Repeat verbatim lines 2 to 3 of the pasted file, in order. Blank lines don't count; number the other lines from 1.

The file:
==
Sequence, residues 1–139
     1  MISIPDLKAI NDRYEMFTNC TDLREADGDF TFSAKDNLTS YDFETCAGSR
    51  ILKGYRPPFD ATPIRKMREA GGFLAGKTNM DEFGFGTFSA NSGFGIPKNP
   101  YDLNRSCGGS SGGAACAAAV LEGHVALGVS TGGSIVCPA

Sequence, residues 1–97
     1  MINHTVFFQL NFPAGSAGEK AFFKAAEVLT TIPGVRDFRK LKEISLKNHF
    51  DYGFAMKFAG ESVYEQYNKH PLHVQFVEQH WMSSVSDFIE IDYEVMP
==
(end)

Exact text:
     1  MISIPDLKAI NDRYEMFTNC TDLREADGDF TFSAKDNLTS YDFETCAGSR
    51  ILKGYRPPFD ATPIRKMREA GGFLAGKTNM DEFGFGTFSA NSGFGIPKNP